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I often wonder whether a well-rounded college education is necessary for a web developer.  Clearly, a large portion of an engineering degree focuses on the technical, problem solving, and communication skills which are key in our field, but what about the other half of the transcript?  Biology?  Psychology?  Chemistry?  I can’t remember the last time I used a Bunsen burner at work.  Rather than generalize the merits of being well-rounded and being forced to learn things outside one’s comfort zone, I’d like to share a specific case where the “other disciplines” can be directly relevant to our day-to-day. Communication is key at our company, both internal and with our clients.  Naturally, this involves meetings.  Our main conference rooms are in typical rectangular formation, with one end left open facing the computer projector.  For whatever reason, every time I step into those rooms, I can’t help but remember what I learned about seat positioning from my freshman year Psych 101 course. Most people expect the leader or chairperson to take the seat on the end.  Indeed, this is generally accepted as the position of power.  But what about the rest of us?  Where you choose to sit, especially in relation to the other participants, can affect your perceived role and ability to influence discussion.  Here are some scenarios where I’ve consciously chosen my seat according to the desired effect, taken from my (possibly flawed) memory of Psych 101:
  1. In client meetings, where we have a few visitors all from the same company, I’ve seen a natural “flocking” tendency for each company to all sit next to each other, oftentimes on opposite sides of the table.  In those situations, I’ll intentionally break away from the flock and sit next to the client (or if not awkward, in between two of them), which I’ve found increases the camaraderie and feeling of collaboration.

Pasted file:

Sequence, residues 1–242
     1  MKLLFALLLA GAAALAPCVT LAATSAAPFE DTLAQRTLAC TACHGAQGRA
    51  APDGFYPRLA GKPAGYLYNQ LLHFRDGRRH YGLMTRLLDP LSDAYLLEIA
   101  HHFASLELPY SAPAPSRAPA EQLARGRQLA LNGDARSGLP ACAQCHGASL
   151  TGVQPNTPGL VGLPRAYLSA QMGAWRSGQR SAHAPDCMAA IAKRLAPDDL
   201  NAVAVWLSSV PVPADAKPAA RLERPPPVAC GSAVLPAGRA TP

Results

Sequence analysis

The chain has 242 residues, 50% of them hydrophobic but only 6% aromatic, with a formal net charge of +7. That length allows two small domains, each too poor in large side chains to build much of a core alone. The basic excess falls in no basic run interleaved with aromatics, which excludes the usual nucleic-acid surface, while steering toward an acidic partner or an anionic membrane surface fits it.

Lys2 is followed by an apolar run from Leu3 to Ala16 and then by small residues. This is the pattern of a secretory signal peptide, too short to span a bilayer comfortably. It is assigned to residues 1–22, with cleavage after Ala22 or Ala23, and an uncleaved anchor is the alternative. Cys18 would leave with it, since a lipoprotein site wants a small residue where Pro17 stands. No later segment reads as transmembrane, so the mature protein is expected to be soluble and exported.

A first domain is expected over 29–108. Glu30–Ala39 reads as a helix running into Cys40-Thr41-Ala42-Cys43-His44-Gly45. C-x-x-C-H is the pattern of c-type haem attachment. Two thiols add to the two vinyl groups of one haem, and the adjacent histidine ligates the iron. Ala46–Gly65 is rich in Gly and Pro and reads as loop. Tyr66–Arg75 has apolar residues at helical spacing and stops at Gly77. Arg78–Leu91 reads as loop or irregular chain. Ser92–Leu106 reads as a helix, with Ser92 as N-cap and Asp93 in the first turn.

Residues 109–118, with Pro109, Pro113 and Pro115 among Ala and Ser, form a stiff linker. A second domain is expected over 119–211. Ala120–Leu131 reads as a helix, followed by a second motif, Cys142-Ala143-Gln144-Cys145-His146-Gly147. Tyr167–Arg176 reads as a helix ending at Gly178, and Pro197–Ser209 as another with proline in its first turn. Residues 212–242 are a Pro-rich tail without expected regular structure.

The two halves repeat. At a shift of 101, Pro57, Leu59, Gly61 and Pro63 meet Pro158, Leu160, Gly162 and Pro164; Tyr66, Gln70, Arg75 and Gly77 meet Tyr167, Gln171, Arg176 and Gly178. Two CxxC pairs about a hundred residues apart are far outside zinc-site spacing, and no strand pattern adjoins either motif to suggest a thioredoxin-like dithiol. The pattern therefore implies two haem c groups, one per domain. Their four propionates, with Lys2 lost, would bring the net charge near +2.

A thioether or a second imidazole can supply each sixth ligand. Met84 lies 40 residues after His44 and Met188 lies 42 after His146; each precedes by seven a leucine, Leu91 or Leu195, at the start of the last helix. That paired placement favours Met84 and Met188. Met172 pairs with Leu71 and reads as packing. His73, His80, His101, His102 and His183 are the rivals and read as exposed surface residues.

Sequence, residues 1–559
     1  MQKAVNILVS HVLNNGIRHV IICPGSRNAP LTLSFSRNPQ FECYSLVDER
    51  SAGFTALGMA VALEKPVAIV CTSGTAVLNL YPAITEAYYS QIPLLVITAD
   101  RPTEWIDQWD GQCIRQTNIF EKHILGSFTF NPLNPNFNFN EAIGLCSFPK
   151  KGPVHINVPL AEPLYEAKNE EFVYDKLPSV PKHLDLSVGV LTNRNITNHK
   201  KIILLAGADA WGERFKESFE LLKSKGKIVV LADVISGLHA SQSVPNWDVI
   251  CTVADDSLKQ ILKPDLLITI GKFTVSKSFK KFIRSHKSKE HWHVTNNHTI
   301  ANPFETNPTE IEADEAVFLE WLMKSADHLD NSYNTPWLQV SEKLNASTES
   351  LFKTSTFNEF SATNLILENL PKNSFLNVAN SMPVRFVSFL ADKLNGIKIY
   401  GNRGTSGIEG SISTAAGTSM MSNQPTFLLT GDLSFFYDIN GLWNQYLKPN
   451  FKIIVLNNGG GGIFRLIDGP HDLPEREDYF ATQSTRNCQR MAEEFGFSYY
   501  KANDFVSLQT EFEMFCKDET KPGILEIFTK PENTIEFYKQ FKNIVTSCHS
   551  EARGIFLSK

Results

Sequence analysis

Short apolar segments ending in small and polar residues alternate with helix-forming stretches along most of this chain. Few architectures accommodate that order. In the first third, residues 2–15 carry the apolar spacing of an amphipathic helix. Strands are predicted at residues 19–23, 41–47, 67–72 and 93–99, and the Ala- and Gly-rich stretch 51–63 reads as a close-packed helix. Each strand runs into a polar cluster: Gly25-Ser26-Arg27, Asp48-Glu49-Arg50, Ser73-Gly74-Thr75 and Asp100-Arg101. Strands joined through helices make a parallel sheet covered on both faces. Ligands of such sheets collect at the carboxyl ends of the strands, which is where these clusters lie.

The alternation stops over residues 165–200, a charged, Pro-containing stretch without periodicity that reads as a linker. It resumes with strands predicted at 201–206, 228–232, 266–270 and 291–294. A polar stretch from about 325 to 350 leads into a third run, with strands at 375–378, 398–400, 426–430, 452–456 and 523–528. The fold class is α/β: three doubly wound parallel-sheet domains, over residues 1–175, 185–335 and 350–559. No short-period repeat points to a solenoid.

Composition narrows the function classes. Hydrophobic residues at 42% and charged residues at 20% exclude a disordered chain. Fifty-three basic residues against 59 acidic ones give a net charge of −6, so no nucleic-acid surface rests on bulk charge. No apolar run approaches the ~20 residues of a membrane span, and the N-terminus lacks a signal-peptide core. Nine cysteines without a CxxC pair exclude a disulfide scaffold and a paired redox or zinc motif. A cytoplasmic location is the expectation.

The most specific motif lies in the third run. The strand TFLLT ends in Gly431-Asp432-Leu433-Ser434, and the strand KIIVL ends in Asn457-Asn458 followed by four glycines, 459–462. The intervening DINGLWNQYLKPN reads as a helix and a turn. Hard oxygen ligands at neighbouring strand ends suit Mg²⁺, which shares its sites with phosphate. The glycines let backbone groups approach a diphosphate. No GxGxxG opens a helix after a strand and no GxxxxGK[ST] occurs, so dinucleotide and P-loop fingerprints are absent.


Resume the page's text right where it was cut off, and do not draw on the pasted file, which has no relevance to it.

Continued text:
2. In those meetings where I expect confrontation with a specific individual, rather than distancing myself, I’ll choose a seat right next to that person.  I remembered that a side by side position is much less confrontational than sitting across and always in the line of sight.  The same applies for internal review meetings, where I want my reviewee to feel comfortable and non-threatened, I will deliberately choose to sit on the same side of the table.
  3. For those meetings where I do not plan to (or want to :)) participate, I’ll deliberately sit in the corner.  By contrast, if I feel like I have a lot at stake, I’ll choose a central location, which makes me part of the action.
  4. Distance yourself from individuals with whom you do not want to be associated.
  5. Sit close to the person in power, whether that’s the chair/leader or another participant.  Physical proximity to power sometimes has an effect on the way you’re perceived.
I wish I could say that the chair game is closer to an objective science such as development.  Unfortunately, wherever the human psyche is involved, any attempt to make rules can result in immediate contradiction.  For example, rule #4 might sometimes contradict rule #2; it really depends on the reason for your disassociation with a person, which is not always simply because you expect to be contrary. Nonetheless, the application of concepts straight out of college material at least convinces me that there’s more to IT than technology.